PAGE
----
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Advanced Default Values

00:00 Advanced default values. Say that you want to give a default value to the Deck. It would, for example, be convenient if Deck() created a regular French deck of 52 playing cards.

00:14 First, specify the different ranks and suits. Then, add a function make_french_deck() that creates a list of instances of PlayingCard.

00:51 Here, the four different suits are specified using their Unicode symbols. We can do this in Python because it supports writing source code in UTF-8 by default.

01:04 The Wikipedia page on Unicode input gives some help on how to enter Unicode characters. You can also enter the Unicode symbols for the suits using the \u Unicode escapes or the \n named characters escapes as seen onscreen. If you’re having problems entering these codes, they’re included in the course resource files to allow you to copy and paste the appropriate lines into your REPL.

01:32 To simplify comparisons of cards later, the ranks and suits are also listed in their usual order. In theory, you could now use this function to specify a default value for Deck.cards.

02:04 As you can see, you shouldn’t do this. This would introduce one of the most common anti-patterns in Python: using mutable default arguments. The problem is that all instances of Deck will use the same list object as the default value of the .cards property.

02:21 This means that if, say, one card is removed from one Deck, then it disappears from all other instances of Deck as well. Data classes prevent you from doing this, as the code has raised a ValueError. Instead, data classes use something called a default_factory to handle mutable default values. To use default_factory, and many other cool features of data classes, you need to use the field() specifier.

03:07 The argument to default_factory can be any zero parameter callable. Now it’s easy to create a full deck of playing cards. The field() specifier is used to customize each field of a data class individually.

03:25 You’ll see some other examples later. For reference, here are the parameters field() supports. default: the default value of the field. default_factory: a function that returns the initial value of the field. init: whether the field is used in the .__init__() method. The default is True.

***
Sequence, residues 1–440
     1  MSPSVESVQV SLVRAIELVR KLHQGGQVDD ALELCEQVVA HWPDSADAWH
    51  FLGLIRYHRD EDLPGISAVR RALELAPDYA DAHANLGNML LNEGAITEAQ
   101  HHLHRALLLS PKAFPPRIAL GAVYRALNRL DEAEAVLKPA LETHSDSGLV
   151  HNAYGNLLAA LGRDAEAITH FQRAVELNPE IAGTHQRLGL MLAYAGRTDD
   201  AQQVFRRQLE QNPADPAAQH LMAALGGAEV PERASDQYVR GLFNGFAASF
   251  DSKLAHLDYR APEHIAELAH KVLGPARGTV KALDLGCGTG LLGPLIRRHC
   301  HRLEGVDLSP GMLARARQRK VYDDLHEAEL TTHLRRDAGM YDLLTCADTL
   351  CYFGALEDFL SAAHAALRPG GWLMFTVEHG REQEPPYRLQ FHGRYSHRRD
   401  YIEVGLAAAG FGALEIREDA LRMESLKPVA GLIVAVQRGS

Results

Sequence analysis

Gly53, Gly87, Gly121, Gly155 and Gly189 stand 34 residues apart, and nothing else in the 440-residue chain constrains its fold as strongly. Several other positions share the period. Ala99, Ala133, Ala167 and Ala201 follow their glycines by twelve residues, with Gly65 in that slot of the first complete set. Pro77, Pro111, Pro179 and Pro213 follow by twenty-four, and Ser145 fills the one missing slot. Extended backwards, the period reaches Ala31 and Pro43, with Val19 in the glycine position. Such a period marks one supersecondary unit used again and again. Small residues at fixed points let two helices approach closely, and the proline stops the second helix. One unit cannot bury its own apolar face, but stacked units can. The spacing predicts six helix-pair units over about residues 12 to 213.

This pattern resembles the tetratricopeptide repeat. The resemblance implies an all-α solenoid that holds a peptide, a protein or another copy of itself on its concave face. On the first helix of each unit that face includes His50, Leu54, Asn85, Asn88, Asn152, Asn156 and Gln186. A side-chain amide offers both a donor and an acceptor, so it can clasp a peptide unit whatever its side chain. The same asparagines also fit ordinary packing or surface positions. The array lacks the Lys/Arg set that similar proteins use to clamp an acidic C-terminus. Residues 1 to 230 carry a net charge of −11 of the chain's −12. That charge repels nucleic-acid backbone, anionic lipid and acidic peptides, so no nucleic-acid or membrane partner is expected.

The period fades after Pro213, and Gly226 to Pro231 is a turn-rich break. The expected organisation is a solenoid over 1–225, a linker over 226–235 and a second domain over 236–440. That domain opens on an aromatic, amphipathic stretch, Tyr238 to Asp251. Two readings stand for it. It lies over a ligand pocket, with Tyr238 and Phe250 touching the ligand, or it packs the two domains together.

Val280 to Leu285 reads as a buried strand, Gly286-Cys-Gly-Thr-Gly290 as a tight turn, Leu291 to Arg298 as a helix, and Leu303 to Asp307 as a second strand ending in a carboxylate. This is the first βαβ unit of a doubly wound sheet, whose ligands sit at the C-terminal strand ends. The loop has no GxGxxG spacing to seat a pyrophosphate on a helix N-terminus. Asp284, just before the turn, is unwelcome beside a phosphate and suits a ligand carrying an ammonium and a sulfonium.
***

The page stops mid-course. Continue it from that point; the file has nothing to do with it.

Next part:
03:46 repr: use the field in the repr of the object. The default is True. compare: include the field in comparisons. The default is True.

03:56 hash: include the field when calculating hash(). The default is to use the same as for compare. metadata: mapping with information about the field. In the Position example, you saw how to add simple default values by writing lat: float = 0.0. However, if you also want to customize the field, for instance to hide it in the repr, you need to use the default parameter as seen onscreen.

04:25 You may not specify both default and default_factory. The metadata parameter is not used by the data classes themselves but is available for you or third party packages to attach information to fields. In the Position example, you could, for instance, specify that latitude and longitude should be given in degrees.

05:21 The metadata and other information about a field can be retrieved using the fields() function.

05:35 As you can see, there’s quite a lot of information there, but it’s easy to select just the piece of information we’re interested in.

05:56 In the next section of the course, you’ll see how you can alter the appearance of data class objects.

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